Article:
W. Patrick Lang


"airpower makes larger contributions than most Army officers admit (afterall they haven't received enemy incoming since 1952"

I don't know what wars you fought in but they must not have been the same as mine. pl



No they weren't the same wars, but a soldier goes where he's sent. The subpoint being that airpower contributes more than trucks and artillery - afterall the US Army organizes its two strategic divisions around airpower and named them to reflect airpower. Yet its rarely, if ever, decisive.

Thankfully our soldiers have not received levels of aerial incoming that we dish out. Like the adage that a small war isn't if one is in the middle of it, one who received an errant, rare enemy air delivered incoming may not think it small or rare. Oh, one conflict in which airpower made a big contribution to fighting an insurgency occurred in Algeria. De Gaulle ordered the airforce to replace the jets in theater with older propellor airplanes so the pilots could actually see the enemy by flying lower and slower. It worked well; but since it happened so late in the conflict political events and strategic errs pre-de Gaulle, doomed the French attempt to hang on to the colony.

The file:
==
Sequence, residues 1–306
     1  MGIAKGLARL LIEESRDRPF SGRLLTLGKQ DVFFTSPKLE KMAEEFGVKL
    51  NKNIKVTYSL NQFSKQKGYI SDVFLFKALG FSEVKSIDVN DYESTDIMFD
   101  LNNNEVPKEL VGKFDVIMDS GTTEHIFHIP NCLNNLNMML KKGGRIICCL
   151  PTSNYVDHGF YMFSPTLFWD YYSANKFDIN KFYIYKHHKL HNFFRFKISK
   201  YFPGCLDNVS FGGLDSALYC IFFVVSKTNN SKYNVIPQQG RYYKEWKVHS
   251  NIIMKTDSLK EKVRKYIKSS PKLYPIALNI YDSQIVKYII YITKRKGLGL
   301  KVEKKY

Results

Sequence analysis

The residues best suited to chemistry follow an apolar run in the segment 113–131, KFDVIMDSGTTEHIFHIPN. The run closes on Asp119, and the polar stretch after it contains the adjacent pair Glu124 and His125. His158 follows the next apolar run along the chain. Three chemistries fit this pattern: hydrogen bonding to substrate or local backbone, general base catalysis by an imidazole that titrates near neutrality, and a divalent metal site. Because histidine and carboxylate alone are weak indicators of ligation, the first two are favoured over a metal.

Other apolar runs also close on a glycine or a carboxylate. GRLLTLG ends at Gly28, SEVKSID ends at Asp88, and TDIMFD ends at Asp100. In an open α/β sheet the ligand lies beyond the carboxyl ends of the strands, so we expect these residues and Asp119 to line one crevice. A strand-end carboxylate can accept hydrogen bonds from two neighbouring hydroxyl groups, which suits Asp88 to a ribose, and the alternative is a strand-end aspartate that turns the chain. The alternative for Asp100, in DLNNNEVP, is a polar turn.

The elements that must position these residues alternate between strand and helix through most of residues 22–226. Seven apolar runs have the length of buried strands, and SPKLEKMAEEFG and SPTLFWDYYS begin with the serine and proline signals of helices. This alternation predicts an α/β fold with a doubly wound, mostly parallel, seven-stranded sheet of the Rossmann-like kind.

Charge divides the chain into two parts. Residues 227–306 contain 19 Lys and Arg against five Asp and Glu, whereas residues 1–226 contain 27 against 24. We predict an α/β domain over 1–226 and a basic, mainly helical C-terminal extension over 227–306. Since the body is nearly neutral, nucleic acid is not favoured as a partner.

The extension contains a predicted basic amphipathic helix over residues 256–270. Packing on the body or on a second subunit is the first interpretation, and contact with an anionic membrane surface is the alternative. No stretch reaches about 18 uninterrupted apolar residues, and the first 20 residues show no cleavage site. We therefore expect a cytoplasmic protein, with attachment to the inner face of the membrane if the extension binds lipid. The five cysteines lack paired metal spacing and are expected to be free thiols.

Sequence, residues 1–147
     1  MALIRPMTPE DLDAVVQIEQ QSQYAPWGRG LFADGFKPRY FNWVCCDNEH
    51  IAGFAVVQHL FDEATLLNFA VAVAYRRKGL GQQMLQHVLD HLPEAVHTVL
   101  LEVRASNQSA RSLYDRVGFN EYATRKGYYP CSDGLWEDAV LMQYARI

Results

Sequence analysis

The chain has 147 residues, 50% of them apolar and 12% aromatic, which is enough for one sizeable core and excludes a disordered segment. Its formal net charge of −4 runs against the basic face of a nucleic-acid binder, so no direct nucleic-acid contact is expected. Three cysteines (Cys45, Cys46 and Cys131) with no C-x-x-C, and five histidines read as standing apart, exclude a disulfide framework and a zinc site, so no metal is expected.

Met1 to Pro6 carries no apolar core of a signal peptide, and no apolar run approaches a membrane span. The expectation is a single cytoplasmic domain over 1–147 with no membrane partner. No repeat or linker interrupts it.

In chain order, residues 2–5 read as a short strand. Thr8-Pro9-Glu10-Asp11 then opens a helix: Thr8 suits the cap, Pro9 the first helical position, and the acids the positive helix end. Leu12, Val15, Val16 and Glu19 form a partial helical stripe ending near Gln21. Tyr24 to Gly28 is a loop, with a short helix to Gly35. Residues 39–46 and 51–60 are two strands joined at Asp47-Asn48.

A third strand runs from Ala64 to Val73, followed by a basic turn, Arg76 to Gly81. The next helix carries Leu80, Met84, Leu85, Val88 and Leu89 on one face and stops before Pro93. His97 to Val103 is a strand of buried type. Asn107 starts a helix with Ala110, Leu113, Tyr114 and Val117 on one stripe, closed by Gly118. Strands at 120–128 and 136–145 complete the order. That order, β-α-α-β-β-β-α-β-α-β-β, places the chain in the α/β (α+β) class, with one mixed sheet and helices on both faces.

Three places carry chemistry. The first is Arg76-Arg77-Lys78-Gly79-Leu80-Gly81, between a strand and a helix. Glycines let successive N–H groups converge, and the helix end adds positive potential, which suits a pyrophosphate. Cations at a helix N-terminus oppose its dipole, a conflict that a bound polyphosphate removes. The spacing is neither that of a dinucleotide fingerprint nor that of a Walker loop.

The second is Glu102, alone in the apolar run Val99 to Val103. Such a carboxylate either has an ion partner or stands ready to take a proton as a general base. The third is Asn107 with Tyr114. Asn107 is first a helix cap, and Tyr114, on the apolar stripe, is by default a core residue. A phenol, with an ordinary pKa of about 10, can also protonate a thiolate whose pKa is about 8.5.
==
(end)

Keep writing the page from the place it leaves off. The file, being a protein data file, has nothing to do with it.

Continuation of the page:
Airpower will be near useless in the Lebanon campaign. The participants and their populations are not primitive people who would be shocked into submission. Rather here airpower will likely have the unintended affect to further embolden resistance and the political will to increase support to Hezbollah. The observations that the Israeli campaign is hope and faith-based are on target.

W. Patrick Lang


I never said that air power was insignificant. There are, of course, other forms of "incoming." pl


Might another exception to the rule that "strategic" air power is never decisive be the Kosovo campaign?
After all, Milosevic did eventually cave without a ground invasion.